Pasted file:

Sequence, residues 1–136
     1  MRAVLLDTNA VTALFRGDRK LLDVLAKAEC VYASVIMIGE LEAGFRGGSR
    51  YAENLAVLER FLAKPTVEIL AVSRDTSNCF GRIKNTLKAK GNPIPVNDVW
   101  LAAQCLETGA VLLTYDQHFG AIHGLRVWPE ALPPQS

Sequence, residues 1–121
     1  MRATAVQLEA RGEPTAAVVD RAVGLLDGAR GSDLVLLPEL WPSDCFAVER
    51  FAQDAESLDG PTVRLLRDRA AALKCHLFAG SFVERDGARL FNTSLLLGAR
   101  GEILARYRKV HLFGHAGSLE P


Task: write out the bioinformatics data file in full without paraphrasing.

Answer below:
Sequence, residues 1–136
     1  MRAVLLDTNA VTALFRGDRK LLDVLAKAEC VYASVIMIGE LEAGFRGGSR
    51  YAENLAVLER FLAKPTVEIL AVSRDTSNCF GRIKNTLKAK GNPIPVNDVW
   101  LAAQCLETGA VLLTYDQHFG AIHGLRVWPE ALPPQS

Sequence, residues 1–121
     1  MRATAVQLEA RGEPTAAVVD RAVGLLDGAR GSDLVLLPEL WPSDCFAVER
    51  FAQDAESLDG PTVRLLRDRA AALKCHLFAG SFVERDGARL FNTSLLLGAR
   101  GEILARYRKV HLFGHAGSLE P